Spending a Sunday morning at Central Park supporting the fight for breast cancer can’t be a much more beautiful and moving event. Unless you did so this year, in which case the guest musical performers, Emergency Service, made the Susan G. Komen Race for the Cure moving in a bit of a different way.
Comprised of core members Sam Rivers, Ed Matos, Chris Norton and George Oberndorfer plus additional members as available, Emergency Service prides itself on what can be described as a catchy and wide-reaching combination of rock, pop and reggae influence.
Rivers, guitarist and vocalist for the band and Matos, vocalist, sum up the band’s style and influences in a direct and effective manner, their speech coinciding throughout my time with them only driving home the fact that they work together as a team.
“A lot of reggae influence for sure,” Rivers begins. “Ed and I met in college. Most college kids listen to a lot of reggae, but we never stopped. Reggae is definitely a big influence in our music. It always has been. It just kinda goes with our vibe which is like good times, we want people to dance. Our music has a good message.”
Though they admit the undeniable influence of reggae music on their sound, both Rivers and Matos are adamant towards the idea that Emergency Service is not confined to reggae and should not be brushed off as a group of “white boys” parroting from the islands.
“Sublime is just another example of a band that kinda took reggae and did their own thing with it. I wouldn’t say we tried to do it just like them, but they’re definitely music we grew up with,” the guys admit. “But also we don’t wanna be white boy reggae. It’s like rock, pop with that reggae feel.”
They also maintain that their music is created with a deeper meaning in addition to the catchy tunes and dance-worthy beat.
“I think we write a lot to different themes, and having songs that are socially conscious or about coming together for a better way,” the guys say. “Which is kinda what brought us to an event like this. It kinda ties in. We’ve done shows for a lot of charities. The name Emergency Service, the idea of emergency service is coming to the rescue. Our music is a vehicle to share our message but also to bring a positive message to people.”
Following their introduction at Tuft University, Rivers and Matos have been working together for six years to write and compose the music that keeps their message alive. After Matos transferred from Tuft to NYU, Rivers soon moved back to New York as well, and the two moved in together and began the journey that has resulted in Emergency Service. From here, Rivers and Matos brought together a band consisting of Norton on trumpet, Oberndorfer on bass and most often Drew McLean on drums. The musicians in Emergency Service are immensely talented and involved in their crafts, and for this reason, McClean and additional members of the band including the keyboard players, often rotate back and forth depending on the schedules of their other opportunities.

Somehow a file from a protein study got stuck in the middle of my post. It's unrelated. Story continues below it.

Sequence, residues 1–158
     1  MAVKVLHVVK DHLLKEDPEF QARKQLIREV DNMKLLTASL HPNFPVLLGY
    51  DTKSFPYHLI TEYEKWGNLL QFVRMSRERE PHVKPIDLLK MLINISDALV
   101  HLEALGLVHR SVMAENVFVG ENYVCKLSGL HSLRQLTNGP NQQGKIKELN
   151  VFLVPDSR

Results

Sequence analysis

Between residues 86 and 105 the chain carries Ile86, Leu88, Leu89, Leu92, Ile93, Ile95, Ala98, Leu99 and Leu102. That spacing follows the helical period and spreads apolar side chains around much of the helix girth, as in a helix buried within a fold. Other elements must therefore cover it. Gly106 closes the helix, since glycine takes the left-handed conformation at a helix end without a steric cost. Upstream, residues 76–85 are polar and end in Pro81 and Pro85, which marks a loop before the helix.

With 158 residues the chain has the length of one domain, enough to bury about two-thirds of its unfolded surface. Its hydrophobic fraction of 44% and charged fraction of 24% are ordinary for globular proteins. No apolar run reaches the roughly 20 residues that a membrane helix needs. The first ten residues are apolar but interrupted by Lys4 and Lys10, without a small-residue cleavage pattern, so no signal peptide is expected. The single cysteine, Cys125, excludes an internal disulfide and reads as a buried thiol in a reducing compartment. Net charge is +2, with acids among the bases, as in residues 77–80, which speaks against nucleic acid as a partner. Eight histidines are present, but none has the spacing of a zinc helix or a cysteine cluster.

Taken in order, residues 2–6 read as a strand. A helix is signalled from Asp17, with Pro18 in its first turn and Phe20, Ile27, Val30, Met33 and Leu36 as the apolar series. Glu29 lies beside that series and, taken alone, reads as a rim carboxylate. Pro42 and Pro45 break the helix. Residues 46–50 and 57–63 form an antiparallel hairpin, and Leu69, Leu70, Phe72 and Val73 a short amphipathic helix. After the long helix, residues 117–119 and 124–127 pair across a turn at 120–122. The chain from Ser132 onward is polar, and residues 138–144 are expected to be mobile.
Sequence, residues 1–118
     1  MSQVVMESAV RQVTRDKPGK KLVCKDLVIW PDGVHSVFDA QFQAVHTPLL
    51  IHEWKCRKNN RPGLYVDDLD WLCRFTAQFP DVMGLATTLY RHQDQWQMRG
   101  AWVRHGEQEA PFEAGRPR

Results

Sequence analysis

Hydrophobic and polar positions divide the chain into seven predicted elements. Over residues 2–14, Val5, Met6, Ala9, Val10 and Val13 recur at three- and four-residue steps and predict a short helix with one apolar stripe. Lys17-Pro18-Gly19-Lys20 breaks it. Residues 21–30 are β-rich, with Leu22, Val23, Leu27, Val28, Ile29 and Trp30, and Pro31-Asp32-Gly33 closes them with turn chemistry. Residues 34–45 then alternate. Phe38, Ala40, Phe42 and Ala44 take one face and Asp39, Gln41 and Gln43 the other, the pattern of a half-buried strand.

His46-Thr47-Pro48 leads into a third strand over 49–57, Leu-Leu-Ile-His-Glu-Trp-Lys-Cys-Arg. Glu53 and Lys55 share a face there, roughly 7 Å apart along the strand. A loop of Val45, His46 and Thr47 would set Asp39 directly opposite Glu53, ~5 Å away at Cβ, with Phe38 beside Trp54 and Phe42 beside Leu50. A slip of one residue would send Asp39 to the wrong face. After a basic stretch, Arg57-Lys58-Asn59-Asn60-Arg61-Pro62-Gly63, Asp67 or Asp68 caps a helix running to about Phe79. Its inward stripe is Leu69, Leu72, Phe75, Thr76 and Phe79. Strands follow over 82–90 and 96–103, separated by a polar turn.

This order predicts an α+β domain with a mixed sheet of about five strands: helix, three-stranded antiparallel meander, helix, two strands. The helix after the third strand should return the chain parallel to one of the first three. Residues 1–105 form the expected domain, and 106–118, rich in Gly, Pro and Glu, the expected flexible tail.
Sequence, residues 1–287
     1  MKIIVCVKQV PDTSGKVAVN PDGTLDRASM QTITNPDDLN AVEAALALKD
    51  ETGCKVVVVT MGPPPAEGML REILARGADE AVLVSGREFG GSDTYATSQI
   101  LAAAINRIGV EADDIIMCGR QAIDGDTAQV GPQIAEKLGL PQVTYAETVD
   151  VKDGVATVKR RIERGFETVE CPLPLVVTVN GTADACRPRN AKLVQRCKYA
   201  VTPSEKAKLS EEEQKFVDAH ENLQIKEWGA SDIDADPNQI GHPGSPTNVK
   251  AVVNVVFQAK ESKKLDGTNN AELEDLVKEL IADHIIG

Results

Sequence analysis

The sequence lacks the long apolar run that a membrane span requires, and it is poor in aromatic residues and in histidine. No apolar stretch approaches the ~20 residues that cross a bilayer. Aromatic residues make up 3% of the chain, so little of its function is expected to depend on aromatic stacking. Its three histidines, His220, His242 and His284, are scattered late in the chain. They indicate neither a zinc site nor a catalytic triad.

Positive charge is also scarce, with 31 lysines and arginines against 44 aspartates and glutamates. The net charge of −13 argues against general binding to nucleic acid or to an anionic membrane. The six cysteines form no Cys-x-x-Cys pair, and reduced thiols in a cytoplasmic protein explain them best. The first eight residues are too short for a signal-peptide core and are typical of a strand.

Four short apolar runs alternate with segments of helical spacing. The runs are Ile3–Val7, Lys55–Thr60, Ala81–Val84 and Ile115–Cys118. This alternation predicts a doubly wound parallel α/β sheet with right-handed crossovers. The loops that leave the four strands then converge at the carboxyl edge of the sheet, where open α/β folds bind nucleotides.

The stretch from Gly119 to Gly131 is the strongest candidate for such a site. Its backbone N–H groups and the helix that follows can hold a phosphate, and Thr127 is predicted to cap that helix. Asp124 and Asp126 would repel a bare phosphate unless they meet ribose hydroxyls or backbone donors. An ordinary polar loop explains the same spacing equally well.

Trumpet players are not always a solid component of rock and reggae bands, but Matos maintains that as soon he and Rivers heard Norton lay it down, they were hooked to his sound and feel he is an “integral part” of the band.
“Chris, the trumpet player, is a huge part of our band and really has become the third voice,” Matos notes. Rivers confirms this sentiment with an explanation of Norton’s birth into Emergency Service. “Truth of it is that we had a song called ‘Crying’ and I came up with a line, but I was like I don’t wanna sing that and I don’t ’want it to be electric guitar. I met Chris and was like, holy shit the trumpet would be so sick. We knew right away once we heard the trumpet that it fit so well with our style.”
From their charity shows, traditional shows and upcoming EP release, Emergency Service is staying busy, and fans are reaping all the benefits. Scheduled to release their second EP in addition to a track record including two full-length albums, Rivers notes that sometimes an EP just does the job better.
“It kinda goes back and forth. There’s a lot of factors,” he says. “How many songs you have that you really wanna do. With this EP we were working with a really great producer and he and I just sat and worked on the songs. We felt like instead of trying to do a bunch of songs, let’s do like five that we felt really strongly about. There are four originals, and one is a cover of an Offspring song.”
In addition to feeling more strongly about the songs on this new release, Rivers and Matos share that they are also very excited about the actually release as well as the team they’re currently working with.
“We’re releasing a new EP on November 13,” the guys explain. “We have two full length albums, and this is the second EP. But our best. We got a team that puts it out there and lets people know it’s the best.”
As an indirect part of that team and witness to live performance of a few of the new songs, we feel that November 13 is a great date to try something new, and Emergency Service is a great prospect for that title.